Director-General announces £10 million project to bring UK rivers back to life
Five of the UK’s most precious rivers will be revived in a series of projects, providing much-needed support to the British countryside.
Our Director-General, Hilary McGrady, has announced our most ambitious waterways project in history, aiming to ensure that rivers and catchments are clean, healthy and rich in wildlife for future generations.
Five key locations
The first project phase will focus on The Conwy Valley in North Wales, Cumbria’s Derwent, The Upper Bure in Norfolk, The Bollin in Cheshire and Somerset’s Porlock Vale streams. Projects will include work to support otters, brown trout and some kinds of endangered wildlife, as well as improving the structure of the rivers to reduce flood risk.
Ms McGrady said, ‘This really is a once-in-a-generation moment – for government and us all - to do something good, for the benefit of everyone across the UK’.
Rivers are our lifeblood
Work on the ground will include habitat restoration and creating better paths and walking routes to make waterways more accessible for a wider range of people. As well as restoring nature, the Riverlands project‘s long-term aim is to help communities enjoy their rivers more, not only as a home for wildlife but also as a space for health and wellbeing.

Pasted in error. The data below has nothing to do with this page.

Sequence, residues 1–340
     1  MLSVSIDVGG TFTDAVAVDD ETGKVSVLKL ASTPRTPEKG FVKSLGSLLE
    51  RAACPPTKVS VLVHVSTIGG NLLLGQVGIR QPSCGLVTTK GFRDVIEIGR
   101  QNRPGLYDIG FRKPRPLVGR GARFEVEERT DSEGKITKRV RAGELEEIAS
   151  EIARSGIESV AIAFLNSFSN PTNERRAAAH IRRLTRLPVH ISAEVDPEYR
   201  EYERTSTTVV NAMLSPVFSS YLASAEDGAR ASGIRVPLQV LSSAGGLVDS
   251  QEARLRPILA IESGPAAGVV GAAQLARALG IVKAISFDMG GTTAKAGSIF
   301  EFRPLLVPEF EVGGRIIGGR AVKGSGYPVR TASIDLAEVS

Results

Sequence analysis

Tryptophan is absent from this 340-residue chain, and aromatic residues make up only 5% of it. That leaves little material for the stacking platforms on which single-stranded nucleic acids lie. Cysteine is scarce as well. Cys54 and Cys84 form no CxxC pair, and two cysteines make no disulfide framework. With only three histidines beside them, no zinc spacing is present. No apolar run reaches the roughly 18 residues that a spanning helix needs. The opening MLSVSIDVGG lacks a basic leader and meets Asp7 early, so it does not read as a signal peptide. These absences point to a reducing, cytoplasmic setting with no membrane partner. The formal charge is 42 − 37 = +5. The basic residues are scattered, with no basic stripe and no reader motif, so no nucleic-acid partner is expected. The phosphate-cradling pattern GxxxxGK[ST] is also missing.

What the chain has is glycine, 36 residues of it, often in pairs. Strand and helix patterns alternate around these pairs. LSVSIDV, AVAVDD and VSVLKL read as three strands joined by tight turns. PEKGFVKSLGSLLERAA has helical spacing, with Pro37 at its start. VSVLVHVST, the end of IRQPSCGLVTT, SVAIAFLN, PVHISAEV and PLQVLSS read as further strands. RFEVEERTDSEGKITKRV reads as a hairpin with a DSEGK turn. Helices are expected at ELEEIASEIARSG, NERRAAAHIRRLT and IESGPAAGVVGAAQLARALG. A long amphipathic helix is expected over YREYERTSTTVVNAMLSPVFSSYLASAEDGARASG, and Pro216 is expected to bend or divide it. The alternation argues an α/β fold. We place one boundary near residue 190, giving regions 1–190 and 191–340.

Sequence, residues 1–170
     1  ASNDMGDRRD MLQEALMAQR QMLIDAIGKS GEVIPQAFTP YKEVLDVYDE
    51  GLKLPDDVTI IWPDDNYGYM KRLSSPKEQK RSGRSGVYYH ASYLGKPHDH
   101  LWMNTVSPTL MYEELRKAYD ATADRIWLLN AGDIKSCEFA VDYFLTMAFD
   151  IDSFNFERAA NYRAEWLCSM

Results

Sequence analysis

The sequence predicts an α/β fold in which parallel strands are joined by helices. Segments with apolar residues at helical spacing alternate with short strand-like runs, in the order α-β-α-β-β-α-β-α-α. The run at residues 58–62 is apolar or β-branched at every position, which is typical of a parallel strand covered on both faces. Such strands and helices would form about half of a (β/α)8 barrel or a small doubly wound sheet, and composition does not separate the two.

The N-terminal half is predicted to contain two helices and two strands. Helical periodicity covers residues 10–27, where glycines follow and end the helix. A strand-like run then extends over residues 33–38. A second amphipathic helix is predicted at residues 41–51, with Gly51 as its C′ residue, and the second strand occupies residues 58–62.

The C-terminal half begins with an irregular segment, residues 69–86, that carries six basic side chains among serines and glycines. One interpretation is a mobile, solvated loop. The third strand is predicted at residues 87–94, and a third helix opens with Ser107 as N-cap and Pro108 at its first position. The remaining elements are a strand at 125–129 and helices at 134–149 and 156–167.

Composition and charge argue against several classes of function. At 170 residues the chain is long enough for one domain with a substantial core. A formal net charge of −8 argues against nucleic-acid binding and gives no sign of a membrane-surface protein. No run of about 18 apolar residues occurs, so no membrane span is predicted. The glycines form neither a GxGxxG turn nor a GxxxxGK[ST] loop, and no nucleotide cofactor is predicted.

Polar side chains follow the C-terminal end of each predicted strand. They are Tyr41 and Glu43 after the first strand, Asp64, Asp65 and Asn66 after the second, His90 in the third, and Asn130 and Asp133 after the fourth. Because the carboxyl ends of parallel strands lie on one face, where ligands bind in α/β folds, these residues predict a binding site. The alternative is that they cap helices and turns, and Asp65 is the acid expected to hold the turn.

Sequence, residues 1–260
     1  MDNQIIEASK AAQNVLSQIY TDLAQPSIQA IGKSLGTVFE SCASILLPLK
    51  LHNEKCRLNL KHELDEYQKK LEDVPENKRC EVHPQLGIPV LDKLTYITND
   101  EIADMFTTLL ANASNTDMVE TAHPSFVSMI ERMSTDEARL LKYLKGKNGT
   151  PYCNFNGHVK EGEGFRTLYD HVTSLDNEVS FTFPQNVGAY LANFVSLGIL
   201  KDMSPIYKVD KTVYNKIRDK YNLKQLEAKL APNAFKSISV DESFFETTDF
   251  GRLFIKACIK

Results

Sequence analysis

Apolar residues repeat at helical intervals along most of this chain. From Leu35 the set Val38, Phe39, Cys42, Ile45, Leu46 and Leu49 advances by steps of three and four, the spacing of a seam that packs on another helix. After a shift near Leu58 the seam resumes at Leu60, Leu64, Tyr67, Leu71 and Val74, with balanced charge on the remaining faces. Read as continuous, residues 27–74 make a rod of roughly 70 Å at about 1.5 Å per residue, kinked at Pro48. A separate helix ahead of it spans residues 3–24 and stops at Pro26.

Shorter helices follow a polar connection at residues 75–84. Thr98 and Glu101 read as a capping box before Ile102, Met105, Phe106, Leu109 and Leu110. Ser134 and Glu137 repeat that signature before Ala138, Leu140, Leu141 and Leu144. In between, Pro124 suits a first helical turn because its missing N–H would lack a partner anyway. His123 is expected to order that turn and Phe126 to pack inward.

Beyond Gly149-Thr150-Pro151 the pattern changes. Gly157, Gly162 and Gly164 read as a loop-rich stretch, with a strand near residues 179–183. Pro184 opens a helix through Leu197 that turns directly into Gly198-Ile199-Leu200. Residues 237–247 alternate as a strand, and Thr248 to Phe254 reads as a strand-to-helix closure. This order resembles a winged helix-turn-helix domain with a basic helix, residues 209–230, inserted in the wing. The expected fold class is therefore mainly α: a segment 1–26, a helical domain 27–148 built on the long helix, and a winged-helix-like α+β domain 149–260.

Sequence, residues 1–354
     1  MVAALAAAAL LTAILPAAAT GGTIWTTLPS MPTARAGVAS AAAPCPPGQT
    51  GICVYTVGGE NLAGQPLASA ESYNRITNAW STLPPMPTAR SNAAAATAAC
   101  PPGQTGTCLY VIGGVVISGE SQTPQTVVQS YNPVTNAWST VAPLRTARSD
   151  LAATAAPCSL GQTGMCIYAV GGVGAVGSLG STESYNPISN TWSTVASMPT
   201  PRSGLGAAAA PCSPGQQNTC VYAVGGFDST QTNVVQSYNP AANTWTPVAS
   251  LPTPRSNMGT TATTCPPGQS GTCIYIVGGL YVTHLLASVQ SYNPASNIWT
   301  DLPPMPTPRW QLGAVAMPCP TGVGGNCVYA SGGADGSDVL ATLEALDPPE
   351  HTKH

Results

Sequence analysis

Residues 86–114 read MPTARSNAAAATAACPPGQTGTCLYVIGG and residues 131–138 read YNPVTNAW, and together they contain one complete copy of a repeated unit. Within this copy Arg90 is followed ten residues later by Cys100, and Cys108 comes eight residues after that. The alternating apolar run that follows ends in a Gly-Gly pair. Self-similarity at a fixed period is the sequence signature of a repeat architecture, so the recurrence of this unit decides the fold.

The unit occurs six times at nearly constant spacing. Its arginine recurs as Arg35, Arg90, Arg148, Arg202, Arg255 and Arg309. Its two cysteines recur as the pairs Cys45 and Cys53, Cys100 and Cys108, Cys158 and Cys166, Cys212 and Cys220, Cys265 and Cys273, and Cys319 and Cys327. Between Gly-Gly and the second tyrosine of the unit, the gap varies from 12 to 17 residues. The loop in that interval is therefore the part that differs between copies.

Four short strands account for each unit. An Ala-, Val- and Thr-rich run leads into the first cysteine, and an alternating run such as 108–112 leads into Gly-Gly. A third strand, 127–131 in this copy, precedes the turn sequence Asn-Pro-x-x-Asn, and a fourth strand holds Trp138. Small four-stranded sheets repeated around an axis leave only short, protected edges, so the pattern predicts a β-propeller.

‘Healthy rivers are important not just environmentally but culturally and socially – they help define places, bring people together and benefit us all’, said Ms McGrady.
We and our partners, the Environment Agency and Natural Resources Wales, estimate the project will cost £10 million. We hope to raise £4 million through fundraising appeals to help support this work.
Riverlands is part of our wider objective to restore 25,000 hectares of wildlife-rich habitats by 2025. More than one in ten of the UK’s wildlife species are threatened with extinction, according to the 2016 State of Nature report.
We hope Riverlands will eventually deliver many more river catchment projects across Britain and Northern Ireland.